Wednesday, 14 November 2012
The UK Roundabout Appreciation Society(!) has recently declared this roundabout on Windmill Rise the best roundabout in Britain. I am not surprised, the windmill has been recently restored and looks splendid. Many years ago a good friend of mine lived on Windmill Rise and we used to congregate at her house every New Years Eve for a party. Directly midnight struck we all formed a conga line which skipped it's way out the door, up the hill and around this windmill to welcome in the New Year.
Taking part in ABC Wednesday
Tuesday, 13 November 2012
Monday, 12 November 2012
Meant to post this yesterday, better late than never. Most of the war memorials in York are quite plain. The exception is the Boer War Memorial next to the Minster. It is an elaborately decorated column with niches near the top of the monument for statues representing the men and women who served. On this side of the memorial two soldiers and a nurse look down on passers-by. One of the niches stands empty save for a plaque stating that the occupant was struck by lightening!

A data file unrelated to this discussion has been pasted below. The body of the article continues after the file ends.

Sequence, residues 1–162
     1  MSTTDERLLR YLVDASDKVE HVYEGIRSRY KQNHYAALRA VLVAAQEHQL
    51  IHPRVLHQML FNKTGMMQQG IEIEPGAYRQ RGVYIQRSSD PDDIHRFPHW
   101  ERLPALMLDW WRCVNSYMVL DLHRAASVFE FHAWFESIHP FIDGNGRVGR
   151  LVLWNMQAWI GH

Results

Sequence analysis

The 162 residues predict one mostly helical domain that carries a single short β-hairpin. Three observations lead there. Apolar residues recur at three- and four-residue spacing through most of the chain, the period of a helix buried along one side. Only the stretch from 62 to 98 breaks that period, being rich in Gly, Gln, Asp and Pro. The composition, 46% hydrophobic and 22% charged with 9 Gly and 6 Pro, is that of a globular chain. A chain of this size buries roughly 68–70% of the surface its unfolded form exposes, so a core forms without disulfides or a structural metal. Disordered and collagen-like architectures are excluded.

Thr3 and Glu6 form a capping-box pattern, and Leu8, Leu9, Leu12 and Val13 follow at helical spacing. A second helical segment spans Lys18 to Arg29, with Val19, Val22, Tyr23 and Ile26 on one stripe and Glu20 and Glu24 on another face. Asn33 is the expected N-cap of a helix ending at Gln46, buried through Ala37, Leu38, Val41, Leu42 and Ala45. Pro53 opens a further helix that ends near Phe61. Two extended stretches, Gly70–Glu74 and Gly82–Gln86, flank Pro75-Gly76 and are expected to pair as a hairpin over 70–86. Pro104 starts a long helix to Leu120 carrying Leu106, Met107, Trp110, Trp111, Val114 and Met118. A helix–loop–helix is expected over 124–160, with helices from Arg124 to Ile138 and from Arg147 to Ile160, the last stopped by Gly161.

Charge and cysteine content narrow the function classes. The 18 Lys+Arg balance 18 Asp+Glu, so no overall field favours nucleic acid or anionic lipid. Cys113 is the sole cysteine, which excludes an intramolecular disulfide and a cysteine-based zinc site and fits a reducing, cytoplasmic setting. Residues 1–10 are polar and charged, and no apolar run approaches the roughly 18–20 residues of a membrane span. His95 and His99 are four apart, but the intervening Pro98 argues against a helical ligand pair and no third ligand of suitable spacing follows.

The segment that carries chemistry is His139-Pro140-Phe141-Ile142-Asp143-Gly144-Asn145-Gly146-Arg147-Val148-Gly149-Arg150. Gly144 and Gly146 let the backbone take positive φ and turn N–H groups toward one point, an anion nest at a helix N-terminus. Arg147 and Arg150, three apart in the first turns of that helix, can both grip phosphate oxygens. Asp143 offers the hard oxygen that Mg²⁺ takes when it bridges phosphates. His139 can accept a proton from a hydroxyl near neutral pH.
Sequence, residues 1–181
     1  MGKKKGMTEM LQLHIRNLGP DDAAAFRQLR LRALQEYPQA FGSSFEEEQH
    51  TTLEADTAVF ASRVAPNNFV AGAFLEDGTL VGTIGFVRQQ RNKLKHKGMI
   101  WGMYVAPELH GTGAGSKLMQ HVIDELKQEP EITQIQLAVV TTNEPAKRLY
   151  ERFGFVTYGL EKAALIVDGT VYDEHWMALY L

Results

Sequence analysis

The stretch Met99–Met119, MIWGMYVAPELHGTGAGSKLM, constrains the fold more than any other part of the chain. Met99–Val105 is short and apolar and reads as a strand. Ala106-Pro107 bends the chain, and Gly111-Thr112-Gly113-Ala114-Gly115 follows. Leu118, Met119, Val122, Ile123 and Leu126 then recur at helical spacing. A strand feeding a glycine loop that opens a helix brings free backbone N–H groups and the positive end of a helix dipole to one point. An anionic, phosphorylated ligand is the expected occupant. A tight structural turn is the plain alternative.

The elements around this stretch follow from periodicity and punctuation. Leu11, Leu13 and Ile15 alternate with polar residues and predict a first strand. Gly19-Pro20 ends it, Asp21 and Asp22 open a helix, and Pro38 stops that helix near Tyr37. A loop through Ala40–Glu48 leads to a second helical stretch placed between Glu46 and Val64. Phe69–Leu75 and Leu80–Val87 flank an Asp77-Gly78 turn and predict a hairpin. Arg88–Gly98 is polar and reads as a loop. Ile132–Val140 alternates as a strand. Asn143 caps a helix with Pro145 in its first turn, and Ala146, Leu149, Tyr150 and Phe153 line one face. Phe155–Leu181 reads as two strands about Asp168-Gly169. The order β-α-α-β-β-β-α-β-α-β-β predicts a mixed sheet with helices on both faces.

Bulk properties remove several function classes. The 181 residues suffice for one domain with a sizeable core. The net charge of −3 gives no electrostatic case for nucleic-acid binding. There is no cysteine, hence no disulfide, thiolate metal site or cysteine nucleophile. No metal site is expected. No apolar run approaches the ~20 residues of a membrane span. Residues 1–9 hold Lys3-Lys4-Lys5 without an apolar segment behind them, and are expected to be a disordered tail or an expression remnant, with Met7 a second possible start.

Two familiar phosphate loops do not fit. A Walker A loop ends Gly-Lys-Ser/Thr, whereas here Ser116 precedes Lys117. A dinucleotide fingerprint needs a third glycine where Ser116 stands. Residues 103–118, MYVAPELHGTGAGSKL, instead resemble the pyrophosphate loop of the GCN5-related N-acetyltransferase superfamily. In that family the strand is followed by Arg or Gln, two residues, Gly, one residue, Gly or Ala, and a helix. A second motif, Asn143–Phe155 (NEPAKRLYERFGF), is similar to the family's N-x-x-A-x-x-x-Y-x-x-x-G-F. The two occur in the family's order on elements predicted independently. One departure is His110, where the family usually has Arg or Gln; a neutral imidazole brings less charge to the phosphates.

Sunday, 11 November 2012
On the right York Guildhall used by the City Corporation for official business... and the public performance of plays. Built between 1449-53 on land owned by the Guild of St Christopher and St George the building was badly damaged during the Second World War. It was restored to the original plans and reopened in 1960.
To the left the rather Gothic looking council offices built 1888-9. Recent floods have left a tide mark of mud along the base of both buildings.
Saturday, 10 November 2012
Friday, 9 November 2012
Thursday, 8 November 2012
Here is a closer look at the statue from yesterdays post. Skelderdale House is now part of a modern hotel but a much older building on this site was a hospital was funded by an endowment given by Dame Anne Middleton in 1659, the wife of Peter Middleton, the then Sheriff of York.
It was originally built as a refuge for twenty widows of the Freemen of the City of York. The hospital was later rebuilt and extended in 1829 at the expense of the Corporation of York as stated in the inscription. In 1906 there were 19 occupants and in 1908 each received a pension of £6 yearly, and the use of one room. The hospital was modernized in 1939 to house 10 people and a warden.